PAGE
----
I had an Atari computer first, since it ran a for-the-time-fantastic music program called 'Creator' (which became Logic many years later), but remember well the thrill of getting my first Mac, the Mac 2 ci - I think it was about $3900! And, like allmaya said about his, it was worth every penny. I got a laserwriter as well, which was, I think a couple grand. It worked flawlessly for about 10 years...

I never miss Cringley's weekly column. He's a brilliant geek who can write.

A LEGEND FOR OUR TIME!

A Story to tell your children........

Once upon a time, in the Valley of Silicon, the two-headed Wizard of Apples went for a walk. The two heads, both of which were named Steve, looked around, and spied a beautiful PARC.

"This is truly a beautiful PARC!" Steve exclaimed. "Yes, it is," agreed Steve. "It is very graphical. And do you see how happy the mice are?" For indeed, the joyful rodents scampered about, running in and out of windows, around icons, and leaping over the garbage cans.

"Do you think we could make a PARC as beautiful as this?" Steve asked.

"Nay," said Steve. "Not a PARC, but perhaps we can let this inspire us to build a woman. And we could call her... Gertrude."

And so they fashioned their woman, but instead of Gertrude, they called her Lisa. And she, too, was nice to mice. But alas, the User rejected Lisa, for it was said her price was too high.

"But this will never do," the User cried. "Do you understand me, Mack?"

And when his two heads heard that word, the Wizard of Apples smiled.

"Of course," the Steves exclaimed in unison, "we must make a Mac!"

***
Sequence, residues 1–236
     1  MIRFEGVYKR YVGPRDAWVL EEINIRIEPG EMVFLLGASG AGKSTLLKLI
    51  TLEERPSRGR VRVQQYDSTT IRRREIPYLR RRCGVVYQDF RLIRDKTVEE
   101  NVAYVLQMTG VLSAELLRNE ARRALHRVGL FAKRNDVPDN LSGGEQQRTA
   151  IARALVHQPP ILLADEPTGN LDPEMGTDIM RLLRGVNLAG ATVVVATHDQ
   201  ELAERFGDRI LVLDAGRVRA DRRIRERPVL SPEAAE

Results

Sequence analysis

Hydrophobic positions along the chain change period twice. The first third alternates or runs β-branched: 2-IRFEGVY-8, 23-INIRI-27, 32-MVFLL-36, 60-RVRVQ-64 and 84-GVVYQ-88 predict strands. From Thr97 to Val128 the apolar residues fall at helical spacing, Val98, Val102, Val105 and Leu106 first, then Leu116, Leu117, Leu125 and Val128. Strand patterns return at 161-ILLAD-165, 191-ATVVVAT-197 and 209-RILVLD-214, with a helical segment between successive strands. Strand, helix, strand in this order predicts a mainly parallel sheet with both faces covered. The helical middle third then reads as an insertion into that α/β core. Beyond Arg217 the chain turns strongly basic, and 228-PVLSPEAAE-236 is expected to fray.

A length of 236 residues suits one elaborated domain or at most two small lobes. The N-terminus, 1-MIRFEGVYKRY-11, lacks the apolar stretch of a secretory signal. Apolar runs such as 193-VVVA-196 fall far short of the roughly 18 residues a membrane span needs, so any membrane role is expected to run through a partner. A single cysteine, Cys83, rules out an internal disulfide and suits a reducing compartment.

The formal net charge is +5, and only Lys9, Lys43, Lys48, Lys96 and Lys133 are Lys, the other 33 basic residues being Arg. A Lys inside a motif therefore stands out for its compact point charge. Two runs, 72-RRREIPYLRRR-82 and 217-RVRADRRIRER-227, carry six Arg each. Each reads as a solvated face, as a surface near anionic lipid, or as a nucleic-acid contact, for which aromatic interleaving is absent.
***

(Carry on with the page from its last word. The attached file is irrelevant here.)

It goes on.

Yes, one of the Robert X. Cringelys was not a fan of the Apple that was trying to copy IBM at the time of Triumph. Still, Jobs and Woz made Apple a marginal player because they failed to make the mistakes that IBM made. Had IBM taken PCs seriously, they would not have outsourced the BIOS or the OS or treated the whole thing as a joke until they came out, too late, with the PS/2 running OS/2.

Sure it was the best PC combo at the time, but it was so expensive that all but the most Blue shop decided that the plug compatible machines were good enough and that DOS was sufficient. Bill Gates owes about $25 billion in thanks to IBM executives.

There are some great stories about the development of the original Mac at folklore.org, most of them written by Andy Hertzfeld.

" Still, Jobs and Woz made Apple a marginal player because they failed to make the mistakes that IBM made."

Yeah, but Apple made a serious mistake when its hardware side won the battle to shoot Star Trek, the port of the Apple OS to Intel machines, in the head in the early 1990s. Just look how the Intel-compatible Macs are doing now in terms of stealing market share, and imagine what could have been.

It's a mistake that gets repeated a lot, Sock. Remember Beta? I had one. In that example, the (superior) technology did not survive.